Vanguard analyzed the performance of 58,168 self-directed Vanguard IRA investors from 1/1/2008 to 12/31/2012, a 5-year period which includes both the financial crisis and subsequent recovery. These self-directed investors were compared with an appropriate Target Date fund benchmark. The authors even state “For the purpose of our example, we are assuming that Vanguard target-date funds provide some of the structure and guidance that an advisor might have provided.”

An investor who made at least one buy/sell exchange between funds over the entire five-year period trailed the applicable Vanguard target-date fund benchmark by 1.5% annually on average. Investors who made no exchange lagged the benchmark by only 0.19%. The chart supplied is a little tricky to read, but illustrates the performance gap.

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(You want more “area under the curve” on the positive excess return side, and less “area under the curve” on the negative excess return side.)

I agree a good financial advisor can add value. Many people are doing none of the strategies listed above. However, a motivated DIY investor can implement most of not all of these strategies themselves. If you can buy a Vanguard Target Retirement fund and leave it alone (easier said than done), you can get much of the way there without an advisor. The problem is that you may have to go through an extreme market cycle to know if you can actually do it. Excerpted from the paper’s conclusion:

This 3% increase in potential net returns should not be viewed as an annual value-add, but is likely to be intermittent, as some of the most significant opportunities to add value occur during periods of market duress or euphoria when clients are tempted to abandon their well-thought-out investment plan.

Employer Health Insurance Wellness Programs: Helpful Feature or Profit Center?

“The editorial content on this page is not provided by any of the companies mentioned, and has not been reviewed, approved or otherwise endorsed by any of these entities. Opinions expressed here are author's alone.”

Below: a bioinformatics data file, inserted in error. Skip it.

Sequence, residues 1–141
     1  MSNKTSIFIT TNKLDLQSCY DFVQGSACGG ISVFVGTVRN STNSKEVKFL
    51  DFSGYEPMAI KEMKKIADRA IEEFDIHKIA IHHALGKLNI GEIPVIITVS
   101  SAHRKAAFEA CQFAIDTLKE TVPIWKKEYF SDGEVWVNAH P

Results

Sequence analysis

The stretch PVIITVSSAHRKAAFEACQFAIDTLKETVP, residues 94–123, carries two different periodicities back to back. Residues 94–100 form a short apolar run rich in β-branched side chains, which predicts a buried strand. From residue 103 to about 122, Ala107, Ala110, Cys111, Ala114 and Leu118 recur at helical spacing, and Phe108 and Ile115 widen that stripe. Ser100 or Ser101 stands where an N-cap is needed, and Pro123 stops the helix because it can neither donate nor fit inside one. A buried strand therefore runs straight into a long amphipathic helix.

healthLike many other folks, I have the majority of my health insurance premiums paid by my employer. I appreciate this and value it as part of my “total compensation” (a fact that they keep reminding me about).

My employer and health insurance provider recently teamed up to offer us a “Wellness program”. These used to be rewards-based programs where you earned points for activities like watching health-education videos, tracking your weight, creating a food journal, etc. You could then redeem those points towards gift cards and such. The idea was to encourage healthy behaviors like eating better and regular exercise with little pushes (“carrots”).

But instead of the “carrot”, it appears they may be switching to the “stick”.

Starting this year, if I don’t complete an in-person health exam, 30-minute online survey, and telephone coaching session annually, then the employer contribution towards my health insurance premiums will be cut by around 40%. For example, if my employer used to contribute $800 a month towards health insurance and I don’t jump through all the hurdles, my out-of-pocket costs will increase by $320 a month. This program is managed by a for-profit publicly-traded corporation called Healthways (ticker HWAY).

Healthways, Inc. provides well-being improvement solutions that help people improve their physical, emotional and social well-being, thereby improving their health and productivity and reducing their health-related costs.

I’m a skeptical person, so this basically translates to “Healthways makes money by making people cost less to insure.” They can do this in two ways:

  • Decrease health insurance claims by improving employee health through cost-effective strategies.
  • Decrease employer-paid premiums by increasing the employee-paid portion for lazy or forgetful employees.

I really don’t know how much these mandated tasks will improve worker health. I suppose some people who never see a doctor on their own may find out they have hypertension or high cholesterol. I know my wife and I pretty much went through the motions (took about 4 hours altogether including travel time) in order to prevent that huge premium hike. It was a financial no-brainer. On the other hand, I would love to see what percentage of workers fail to complete all the tasks by the deadline and how much extra money that brings in.

Target Mobile Coupon Text Codes: $10 off $50 in Food Purchases & More

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targetgroceryAttention Target shoppers… Target is offering some special coupons if you text specific messages to them at 827438 (TARGET). They’ll reply with a link to a unique coupon code that you just show the cashier on your smartphone. This week there is a pretty good $10 off coupon if you spend $50 on food and beverage purchases, and then I got sucked down the rabbit hole and wanted to find all the other available codes (even though I’m really not an avid coupon person). Here are all of them that I could find: